On a hot summer's day, steamy, concrete-laden New York City streets can be 7 degrees warmer than the surrounding suburbs and rural communities. As night falls, these 'heat island' temperatures can really roast urban dwellers – at times the sheet-drenching, sleepless summer nights in NYC are more than 20 degrees hotter than in the more verdant, less concreted areas nearby.
Even walking becomes a sweaty chore, as pedestrians, without the shade of a tree, trudge through windless streets with the warm exhaust of vehicles or hot air blown from A/C units. Sufferers at street level may think they have it bad, but what about the climate up on the city's rooftops?
Fuggedaboutit: The temperature on a sun-soaked asphalt roof in New York can top out near 190 degrees Fahrenheit. Black-top roofs are also a strain on the city's sewage and drain systems – since dark roofs absorb little to none of the city's rainwater, propelling tsunamis of runoff into storm drains – clogging sewer lines, pooling water and causing innocent bystanders... to suffer the gutter splashes from thoughtless cars.
Chemical engineer and Low and Bonar CEO Brett Simpson says he's on a mission to change this old ecosystem. He wants to shift the pace at which cities move around their water, air and even the birds and bees – and he's hoping he can do all this.. with a few more high-tech roof mats.
His company's lightweight 'Xero Flor' green roofing mats are on the largest green roof in America, which is about 8 football fields worth of short, green shrubbery perched atop a Ford truck plant in Dearborn, Michigan. But not all his green installations are so massive: some 9,000 square feet of terraced areas on the pointy Empire State Building have more recently gone green, too. You can't see much of this rooftop transformation happening from the ground, but Simpson says that up on the roof, business is good:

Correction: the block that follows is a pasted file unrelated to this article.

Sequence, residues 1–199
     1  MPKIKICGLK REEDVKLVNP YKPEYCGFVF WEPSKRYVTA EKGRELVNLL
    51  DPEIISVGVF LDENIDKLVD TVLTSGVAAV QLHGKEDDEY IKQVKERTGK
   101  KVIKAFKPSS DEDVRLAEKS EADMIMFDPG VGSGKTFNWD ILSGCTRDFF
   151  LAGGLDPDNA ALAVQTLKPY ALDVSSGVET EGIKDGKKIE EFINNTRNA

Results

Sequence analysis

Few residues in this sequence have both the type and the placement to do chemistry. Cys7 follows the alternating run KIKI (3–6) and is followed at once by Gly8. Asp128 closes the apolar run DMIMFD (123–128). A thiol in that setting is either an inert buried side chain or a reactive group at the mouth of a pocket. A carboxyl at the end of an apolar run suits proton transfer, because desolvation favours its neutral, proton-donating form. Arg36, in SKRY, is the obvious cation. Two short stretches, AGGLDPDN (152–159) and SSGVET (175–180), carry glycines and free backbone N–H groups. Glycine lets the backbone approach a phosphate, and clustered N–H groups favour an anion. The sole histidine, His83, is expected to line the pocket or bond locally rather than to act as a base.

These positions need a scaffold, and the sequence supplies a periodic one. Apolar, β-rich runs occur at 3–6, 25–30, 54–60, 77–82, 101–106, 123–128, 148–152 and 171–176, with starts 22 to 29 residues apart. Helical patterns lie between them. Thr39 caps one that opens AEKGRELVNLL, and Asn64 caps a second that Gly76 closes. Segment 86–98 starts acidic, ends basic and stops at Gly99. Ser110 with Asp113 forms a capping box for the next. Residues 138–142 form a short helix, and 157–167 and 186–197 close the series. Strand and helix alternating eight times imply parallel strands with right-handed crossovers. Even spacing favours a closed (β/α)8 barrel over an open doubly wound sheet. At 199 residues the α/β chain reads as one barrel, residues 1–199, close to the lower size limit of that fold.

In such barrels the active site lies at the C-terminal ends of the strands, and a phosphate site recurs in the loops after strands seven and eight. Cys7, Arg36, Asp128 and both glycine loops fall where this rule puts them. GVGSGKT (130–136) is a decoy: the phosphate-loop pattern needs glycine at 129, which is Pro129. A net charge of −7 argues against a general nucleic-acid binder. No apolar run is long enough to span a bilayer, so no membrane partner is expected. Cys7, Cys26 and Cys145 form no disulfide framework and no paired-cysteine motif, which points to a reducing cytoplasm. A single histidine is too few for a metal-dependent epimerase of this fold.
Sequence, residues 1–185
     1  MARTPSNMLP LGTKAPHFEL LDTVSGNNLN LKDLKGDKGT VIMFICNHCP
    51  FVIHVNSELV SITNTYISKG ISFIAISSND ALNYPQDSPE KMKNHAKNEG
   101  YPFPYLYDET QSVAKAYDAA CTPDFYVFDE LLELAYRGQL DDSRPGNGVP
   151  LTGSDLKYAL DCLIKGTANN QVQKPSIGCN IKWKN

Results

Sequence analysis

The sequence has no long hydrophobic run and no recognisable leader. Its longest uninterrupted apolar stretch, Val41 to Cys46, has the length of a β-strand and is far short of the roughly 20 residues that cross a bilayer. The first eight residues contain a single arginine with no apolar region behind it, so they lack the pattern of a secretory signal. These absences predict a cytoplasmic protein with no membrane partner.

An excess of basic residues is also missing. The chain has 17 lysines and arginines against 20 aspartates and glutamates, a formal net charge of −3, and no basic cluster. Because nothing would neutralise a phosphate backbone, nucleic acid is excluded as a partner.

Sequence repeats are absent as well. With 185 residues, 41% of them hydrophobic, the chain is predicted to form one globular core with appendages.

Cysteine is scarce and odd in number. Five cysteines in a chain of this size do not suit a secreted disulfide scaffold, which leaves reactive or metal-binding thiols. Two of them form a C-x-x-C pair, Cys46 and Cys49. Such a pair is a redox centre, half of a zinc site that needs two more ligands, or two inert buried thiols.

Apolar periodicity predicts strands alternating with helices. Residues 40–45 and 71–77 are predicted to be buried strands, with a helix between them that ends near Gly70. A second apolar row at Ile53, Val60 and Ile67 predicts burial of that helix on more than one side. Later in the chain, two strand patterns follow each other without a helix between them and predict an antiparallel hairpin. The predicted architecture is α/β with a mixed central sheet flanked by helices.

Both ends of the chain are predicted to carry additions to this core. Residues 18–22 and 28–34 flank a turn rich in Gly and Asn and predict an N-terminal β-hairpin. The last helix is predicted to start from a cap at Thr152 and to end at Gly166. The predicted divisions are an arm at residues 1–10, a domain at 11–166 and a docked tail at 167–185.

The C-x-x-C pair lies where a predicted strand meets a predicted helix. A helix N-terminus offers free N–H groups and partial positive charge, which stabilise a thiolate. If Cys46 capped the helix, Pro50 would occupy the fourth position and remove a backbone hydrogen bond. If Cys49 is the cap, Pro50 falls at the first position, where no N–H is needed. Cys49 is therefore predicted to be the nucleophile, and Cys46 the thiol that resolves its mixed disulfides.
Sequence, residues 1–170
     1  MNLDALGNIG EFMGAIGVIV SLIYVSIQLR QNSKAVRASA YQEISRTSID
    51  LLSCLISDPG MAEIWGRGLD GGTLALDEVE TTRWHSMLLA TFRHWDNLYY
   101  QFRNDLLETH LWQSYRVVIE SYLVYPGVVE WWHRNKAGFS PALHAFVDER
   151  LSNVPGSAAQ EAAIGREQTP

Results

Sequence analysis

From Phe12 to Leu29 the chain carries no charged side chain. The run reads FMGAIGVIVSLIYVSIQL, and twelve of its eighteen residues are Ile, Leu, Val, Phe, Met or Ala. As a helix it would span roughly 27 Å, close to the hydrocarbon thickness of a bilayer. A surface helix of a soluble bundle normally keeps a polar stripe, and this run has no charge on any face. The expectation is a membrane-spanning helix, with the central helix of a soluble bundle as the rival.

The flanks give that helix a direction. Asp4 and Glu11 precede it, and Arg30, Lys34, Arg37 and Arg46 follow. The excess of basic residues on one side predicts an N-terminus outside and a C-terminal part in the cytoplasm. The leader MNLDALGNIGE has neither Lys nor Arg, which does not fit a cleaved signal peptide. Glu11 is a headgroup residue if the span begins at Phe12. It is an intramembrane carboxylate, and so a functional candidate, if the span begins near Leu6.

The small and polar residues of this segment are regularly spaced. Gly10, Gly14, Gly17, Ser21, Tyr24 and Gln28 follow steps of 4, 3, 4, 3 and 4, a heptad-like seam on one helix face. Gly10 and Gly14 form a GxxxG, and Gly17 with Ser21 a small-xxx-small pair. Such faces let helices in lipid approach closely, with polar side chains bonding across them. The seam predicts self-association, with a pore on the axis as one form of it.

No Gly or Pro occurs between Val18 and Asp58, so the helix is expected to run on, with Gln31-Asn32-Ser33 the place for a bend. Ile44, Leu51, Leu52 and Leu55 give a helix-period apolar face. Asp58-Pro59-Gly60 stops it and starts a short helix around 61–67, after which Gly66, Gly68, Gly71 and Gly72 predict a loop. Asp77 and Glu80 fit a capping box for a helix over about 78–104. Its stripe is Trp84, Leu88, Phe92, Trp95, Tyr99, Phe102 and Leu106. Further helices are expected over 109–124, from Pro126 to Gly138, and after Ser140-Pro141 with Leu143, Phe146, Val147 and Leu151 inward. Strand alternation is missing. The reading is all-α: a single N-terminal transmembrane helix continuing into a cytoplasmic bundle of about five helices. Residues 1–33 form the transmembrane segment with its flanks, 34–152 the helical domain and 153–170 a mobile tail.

“What we're seeing is quite a healthy expansion in the use of green roofs.” Simpson says, citing his green roof business growing at roughly 10-15% a year in the U.S. “People see that not only does this make environmental sense, but it actually makes good business sense.”
Thirsty green roof plantings are good for lightening the water load on municipal city drains, but they're even better for reducing the draining energy costs on big industrial buildings. At the Ford plant, the crisp, green blanket of low shrubs that's been on the roof since 2003 still helps keep the heating and cooling bills low. In the chilly winter months, the extra layers keep the place 10 degrees warmer, while in the summertime, the short, knotty rooftop carpet makes the temperature inside the Michigan auto plant 10 degrees cooler.
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